"Proposal for a Writing Across the Curriculum Program at"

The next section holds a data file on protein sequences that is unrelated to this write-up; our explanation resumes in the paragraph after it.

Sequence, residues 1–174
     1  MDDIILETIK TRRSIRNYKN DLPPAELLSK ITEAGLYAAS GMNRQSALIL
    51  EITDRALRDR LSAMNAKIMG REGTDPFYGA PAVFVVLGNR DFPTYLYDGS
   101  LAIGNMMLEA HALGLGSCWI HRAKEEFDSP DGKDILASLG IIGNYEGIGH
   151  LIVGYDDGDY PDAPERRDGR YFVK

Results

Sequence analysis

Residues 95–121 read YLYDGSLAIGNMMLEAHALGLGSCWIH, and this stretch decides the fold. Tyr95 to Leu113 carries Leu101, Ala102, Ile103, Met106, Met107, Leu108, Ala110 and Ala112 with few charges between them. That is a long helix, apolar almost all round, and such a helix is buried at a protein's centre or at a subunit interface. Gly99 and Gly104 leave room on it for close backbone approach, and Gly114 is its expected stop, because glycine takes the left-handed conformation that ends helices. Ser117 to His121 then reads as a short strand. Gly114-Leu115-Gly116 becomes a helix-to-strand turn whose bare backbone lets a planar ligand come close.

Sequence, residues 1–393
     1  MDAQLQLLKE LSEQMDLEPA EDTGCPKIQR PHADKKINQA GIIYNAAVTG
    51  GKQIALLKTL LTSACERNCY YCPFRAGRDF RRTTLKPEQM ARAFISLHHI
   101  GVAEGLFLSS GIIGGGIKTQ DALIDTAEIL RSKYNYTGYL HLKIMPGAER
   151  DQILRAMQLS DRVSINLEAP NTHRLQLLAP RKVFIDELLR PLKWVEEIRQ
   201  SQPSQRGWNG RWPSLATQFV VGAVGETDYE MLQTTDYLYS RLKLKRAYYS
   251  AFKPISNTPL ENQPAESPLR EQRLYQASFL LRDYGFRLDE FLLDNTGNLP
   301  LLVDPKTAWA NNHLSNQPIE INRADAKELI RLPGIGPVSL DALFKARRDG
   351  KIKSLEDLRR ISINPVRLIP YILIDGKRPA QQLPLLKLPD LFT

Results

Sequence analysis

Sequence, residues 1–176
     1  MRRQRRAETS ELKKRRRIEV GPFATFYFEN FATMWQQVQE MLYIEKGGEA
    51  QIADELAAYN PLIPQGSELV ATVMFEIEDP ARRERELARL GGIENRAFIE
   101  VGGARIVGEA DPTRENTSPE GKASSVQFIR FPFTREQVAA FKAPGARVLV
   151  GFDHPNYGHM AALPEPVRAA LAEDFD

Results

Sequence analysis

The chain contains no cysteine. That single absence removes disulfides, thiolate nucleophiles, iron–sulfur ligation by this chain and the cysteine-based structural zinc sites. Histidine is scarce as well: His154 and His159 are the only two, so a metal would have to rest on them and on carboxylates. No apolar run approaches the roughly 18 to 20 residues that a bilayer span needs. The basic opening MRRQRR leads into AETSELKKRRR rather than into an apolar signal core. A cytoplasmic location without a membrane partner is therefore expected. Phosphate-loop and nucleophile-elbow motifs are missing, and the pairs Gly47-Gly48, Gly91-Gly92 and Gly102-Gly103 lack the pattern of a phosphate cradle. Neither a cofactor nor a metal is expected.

Proposal for a Writing Across the Curriculum Program at USF None of the available guidelines and forms for proposals at USF, most of which originate in departments and colleges, apply in all respects to this one, so we’re following requirements that apply and ignoring ones that don’t. We can cite as a precedent the Proposal for an Honors Program, which passed through governance in 2003. This proposal is based loosely on the Program and Course Approval Guidelines (USF Policy Handbook, Part V, pp. 19-26), and we are following the approval procedures and applying for the requisite signatures specified in Form O, "Program Proposal Form Requiring the Action of the President and Board of Trustees," again following the procedures that apply and ignoring the ones that don’t. Program Initiative At the end of the spring semester, 2003, at the behest of the Vice President for Academic Affairs, in support of strategic planning, faculty and administrators were invited to form summer work groups to devise plans for various academic initiatives. One of those work groups looked into possibilities for a Writing Across the Curriculum (WAC) program for USF, and reported on its work at the Opening Workshop for the fall semester, Aug. 20, 2003. Several faculty expressed interest and a willingness to help out. That fall, meetings were held for interested faculty, administrators, and staff, at which the summer committee shared information about WAC and made a pitch for it. Other faculty, administrators, and staff presented WAC topics at well- attended Brown Bag lunches. Interest mounted, and an informal group of WAC advocates drew up a time-line for implementation of a WAC program. During the spring semester of 2004, the informal group was transformed by the Academic Vice President into a Task Force, including at least one member from each college and representatives from the Academic Resource Center and the Center for Instructional Delivery. During the summer of 2004, the task force chair presented a three-day WAC workshop attended by faculty, administrators, and staff, and the Opening Workshop for fall 2004 was presented by Toby Fullwiler, probably the best-known and most distinguished writer and teacher about WAC. The Task Force has had the benefit of Professor Fulwiler’s advice in private discussions and via e- mail. Towards the end of the semester the Task Force met to make sense of opinions and suggestions from various USF constituents about a prospective WAC program. The result of those discussions is this proposal. We have decided that a WAC program at USF should have two basic elements: first, ongoing faculty development in the teaching of writing; and second, requirements for graduation from each undergraduate college that students shall have satisfactorily passed two courses designated as Writing Intensive (WI). We propose further that a committee be formed to coordinate faculty development, through workshops, guest speakers, a website, and other venues, and to decide which courses should be designated WI. We also propose that the program be phased in, starting in the fall semester, 2005, with the committee deciding on proposals from faculty for the WI designation. Assuming that enough courses could be approved for the WI designation in the 2005-2006 academic year, the WI requirement would begin in the 2006-2007 academic year for students accepted that year as freshmen (the requirement would also apply to transfer students if there are enough WI courses available, or it could be postponed for them until there are). The committee would continue to decide on applications for WI designations in 2006-2007, as well as coordinating faculty development activities. At the end of the spring semester, 2007, the committee will decide whether or not it will continue as then constituted and make any other changes that seem called for after two years’ experience with the program. The Writing Across the Curriculum Committee: For the first two years, at least, the committee will be appointed by the Vice President for Academic Affairs, and it will consist of one member from each college, one member from ARC, one member from CID, appointed for a two-year term (if the committee retains its present structure after the first two years, appointments will be staggered), and a chair, who will be allowed one-course release per semester, or the equivalent stipend. The Committee, with the approval of the VPAA, will select a vice chair, who will temporarily function as chair if necessary, and who will follow as chair after two years. The committee will have a budget large enough to bring in at least one highly-qualified outside speaker or workshop leader every year, to provide modest stipends for home-grown talent who lead workshops or other development activities, and to buy instructional materials (mostly books, which can be kept in a WAC library). The committee’s primary duties will be to provide and coordinate faculty development and to decide on WI designations. The first committee will be appointed by the VPAA before the end of the spring, 2005 semester and will attend a workshop led by the chair in the summer of 2005 to prepare themselves for their tasks. Writing Intensive Courses: All WI courses will be capped at twenty students. One WI course must be in the major, at the 300 level or above, and one must be outside the major, exclusive of College Writing I, any Core course, and capstone courses, such as senior theses or senior research projects. WI credit will be granted to courses transferred and designated as writing intensive, or the equivalent, from another accredited college or university. WI credit for non-academic experience will be granted only in exceptional circumstances. The WAC Committee will decide whether a course may be designated WI based on the following criteria: · The course will involve “writing to learn,” informal writing, usually not graded, such as journals, spontaneous responses to questions, letters, learning logs, etc., integrated with most assigned reading, lecture, and discussion. · The course will have at least one major writing assignment including instruction that leads students through a step-by-step process (involving such techniques as conferences with the instructor, peer group work, the assistance of ARC tutors, etc.) culminating in a piece of writing, such as a report on research, appropriate to the discipline. Rationale Although it's impossible to specify, we believe that most faculty believe that writing at USF could be better, as a student skill (or set of skills, really), and as a method of learning. Any program that reliably claims to bring about improvements in writing instruction, then, would be welcome, and a model for such a program exists, in several variations and many places. It's called Writing Across the Curriculum. WAC is a well-established movement to increase and improve writing instruction in higher education. It grew out of new thinking about writing instruction in the 60's and 70's (the so-called "New Rhetoric" or "process revolution") in order to expand writing instruction from freshman composition to courses in virtually all academic disciplines. WAC is a pedagogical reform movement, associated with a constructivist epistemology, student-centered learning, and an emphasis on critical thinking. It isn’t, then, about writing as an end in itself. It assumes, on the basis of a significant body of research, that writing is a crucial mode of learning and that students need to learn, at least as novices, to understand and use relevant genres of writing in the disciplines, especially the major. An important corollary to the second assumption is that professors within the discipline, who teach in the major, are best qualified to teach those genres. Writing to learn, furthermore, is appropriate to any course, especially when students are encouraged to write informally, as in journal responses to assigned reading, to articulate what they know and to work through problems in understanding, under conditions that encourage risk-taking and self-confidence (in other words, writing that is responded to but not graded). Since the 1970's, WAC programs have enjoyed considerable success in many colleges and universities in Great Britain and the United States, and the movement still produces new programs, as well as a large body of research and theory. WAC is a practical step towards fulfilling recent initiatives for teaching excellence at USF. Goals and Objectives The primary goal of any WAC program is to improve the quality of student learning through teaching writing as an integral part of instruction in all subject areas. A WAC program at USF would contribute to achieving the Undergraduate University-Wide Learning Goals as recently established by the Greater Expectations Group, particularly the following: "The process of a liberal education focuses on student learning to: · shape his or her mind as a coherent, flexible structure of reasoned belief, · communicate effectively through multiple media, · develop effective problem-solving skills, · demonstrate critical thinking from varied perspectives." And more specifically to promote the following outcomes: "clear understanding of key ideas, concepts, and theories of the chosen discipline; and proficiency in skills and methodology," and "ability to communicate complex ideas in written and oral form in various situations and with diverse audiences." The objectives are quite simple, to have a WAC program begun by fall 2005, with a WAC committee in operation to promote faculty development in using writing to teach in their disciplines and to approve WI courses, and fully in place by fall semester 2006, with two WI courses required for graduation in all undergraduate colleges. Assessment In the spring semester of 2007, the WAC Committee will review the first two years of the WAC program, using the sorts of data that will be available by then, such as the number of WI courses approved, evaluations by students and faculty, collections of student writing (to be used as the "before" in future before-and-after comparison), and its own experience of shepherding the program. Then the committee will make recommendations about the future of the program, including its own role and constitution. In its assessment efforts the WAC Committtee will work with the Assessment Council, in regard to portfolio assessment and other projects. Student learning and writing abilities will be assessed when the program has had time to have had some effect. Resources The key to any successful WAC program is a well-informed and dedicated faculty. The faculty at USF has shown significant interest in WAC, as demonstrated by excellent attendance at Brown Bag presentations and workshops, including the participation of more than twenty faculty at a three-day summer workshop. Several faculty have reported that they have already tried new ways of using writing suggested by Toby Fullwiler in his workshop last fall. Additionally, the Academic Resource Center, especially the Writing Center, will be an important resource for tutoring writing, and the Center for Instructional Delivery will help with a web site and other technological assistance.